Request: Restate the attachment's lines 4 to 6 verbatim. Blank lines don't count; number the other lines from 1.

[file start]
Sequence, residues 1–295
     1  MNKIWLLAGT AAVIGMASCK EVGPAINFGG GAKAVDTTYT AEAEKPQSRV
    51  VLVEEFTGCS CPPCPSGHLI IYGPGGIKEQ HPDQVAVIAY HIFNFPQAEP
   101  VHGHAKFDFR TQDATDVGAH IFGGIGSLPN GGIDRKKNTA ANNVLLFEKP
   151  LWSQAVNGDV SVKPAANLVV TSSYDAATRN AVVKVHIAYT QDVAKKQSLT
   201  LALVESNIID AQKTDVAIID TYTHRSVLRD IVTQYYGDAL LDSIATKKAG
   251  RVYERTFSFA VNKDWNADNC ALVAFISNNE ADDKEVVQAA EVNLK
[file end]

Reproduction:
   101  VHGHAKFDFR TQDATDVGAH IFGGIGSLPN GGIDRKKNTA ANNVLLFEKP
   151  LWSQAVNGDV SVKPAANLVV TSSYDAATRN AVVKVHIAYT QDVAKKQSLT
   201  LALVESNIID AQKTDVAIID TYTHRSVLRD IVTQYYGDAL LDSIATKKAG